Research shows 80% of us have deep age bias against older people
The team at Harvard wanted to discover what we might be hiding about deeply hidden prejudices. They created a form of questionnaire that measures the associations we make between "good" and "bad" and "old" and "young".
When you take part in the test you are given two sets of images and two lists of words: one with positive associations ("happy", "love"); the other with negative ("tragedy", "agony"). The images and words are set to flash up at random on a computer screen, and participants make their selections when the words flash up at the same time as images of young and old people.
"The data collected so far indicates that almost 80% of us have a bias against older people,"
The theory is that, depending on our prejudices, we will subconsciously make the link between "old" and "lonely", or "young" and "beautiful".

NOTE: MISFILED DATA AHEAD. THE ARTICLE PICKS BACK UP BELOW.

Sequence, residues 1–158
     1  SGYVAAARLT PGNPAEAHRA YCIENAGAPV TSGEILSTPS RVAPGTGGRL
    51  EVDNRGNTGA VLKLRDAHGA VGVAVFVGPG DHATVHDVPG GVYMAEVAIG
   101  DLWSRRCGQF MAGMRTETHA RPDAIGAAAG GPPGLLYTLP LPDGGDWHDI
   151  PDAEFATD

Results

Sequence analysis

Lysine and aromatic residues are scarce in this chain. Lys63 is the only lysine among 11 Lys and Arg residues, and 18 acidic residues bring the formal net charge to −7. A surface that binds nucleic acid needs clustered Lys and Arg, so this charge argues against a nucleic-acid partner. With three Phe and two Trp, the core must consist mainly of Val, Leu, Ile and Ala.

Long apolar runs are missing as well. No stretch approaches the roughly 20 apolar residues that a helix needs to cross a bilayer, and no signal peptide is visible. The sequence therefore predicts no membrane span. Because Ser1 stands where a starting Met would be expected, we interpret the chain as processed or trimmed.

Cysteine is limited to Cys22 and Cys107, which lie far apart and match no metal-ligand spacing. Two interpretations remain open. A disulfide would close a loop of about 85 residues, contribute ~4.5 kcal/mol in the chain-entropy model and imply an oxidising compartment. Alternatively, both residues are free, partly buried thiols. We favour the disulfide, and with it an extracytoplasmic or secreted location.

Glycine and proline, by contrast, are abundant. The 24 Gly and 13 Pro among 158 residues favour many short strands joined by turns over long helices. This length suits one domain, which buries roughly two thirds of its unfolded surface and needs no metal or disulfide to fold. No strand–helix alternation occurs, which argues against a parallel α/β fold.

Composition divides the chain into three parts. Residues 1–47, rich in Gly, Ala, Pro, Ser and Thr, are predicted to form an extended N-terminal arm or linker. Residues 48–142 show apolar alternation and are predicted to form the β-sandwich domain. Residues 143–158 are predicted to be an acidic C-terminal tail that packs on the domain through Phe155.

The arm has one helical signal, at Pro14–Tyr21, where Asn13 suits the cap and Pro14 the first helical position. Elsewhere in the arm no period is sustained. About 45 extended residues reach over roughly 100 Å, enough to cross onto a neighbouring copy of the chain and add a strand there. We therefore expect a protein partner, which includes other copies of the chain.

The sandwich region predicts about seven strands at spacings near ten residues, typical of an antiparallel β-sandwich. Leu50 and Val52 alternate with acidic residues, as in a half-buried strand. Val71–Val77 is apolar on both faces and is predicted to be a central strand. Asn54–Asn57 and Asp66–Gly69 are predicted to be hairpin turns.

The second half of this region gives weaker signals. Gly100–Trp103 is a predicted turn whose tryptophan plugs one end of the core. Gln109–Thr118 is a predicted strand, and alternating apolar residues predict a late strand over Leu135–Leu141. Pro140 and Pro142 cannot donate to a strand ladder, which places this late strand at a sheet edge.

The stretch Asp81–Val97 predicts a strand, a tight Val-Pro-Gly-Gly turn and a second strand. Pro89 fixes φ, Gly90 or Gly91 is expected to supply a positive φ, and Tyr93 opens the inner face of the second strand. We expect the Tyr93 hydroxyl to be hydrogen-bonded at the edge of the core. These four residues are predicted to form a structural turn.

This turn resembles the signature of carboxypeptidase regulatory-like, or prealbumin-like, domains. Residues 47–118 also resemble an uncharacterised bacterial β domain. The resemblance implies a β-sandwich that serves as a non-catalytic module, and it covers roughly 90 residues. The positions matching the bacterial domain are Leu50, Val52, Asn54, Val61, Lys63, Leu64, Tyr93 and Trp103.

When we are asked to make the link between a pair that goes against our implicit associations (for example "old" and "happy") it will take us fractionally longer to overcome our bias. The longer the time it takes to accept a pairing, the greater our bias.
More than 4.5 million people have taken some version of the test online, and the data collected so far indicates that almost 80% of us have a bias against older people. That is just shocking isn't it!
We have taken the test here at The Age of No Retirement and are either slightly in favour of older or younger. We are focused on age neutrality so were disappointed not to have shown age neutrality. And we are consciously focused on this as a goal. Our sub conscious stereotypes are so deeply ingrained. So a lot of work still be done to create age equality.
You can take the test yourself at implicit.harvard.edu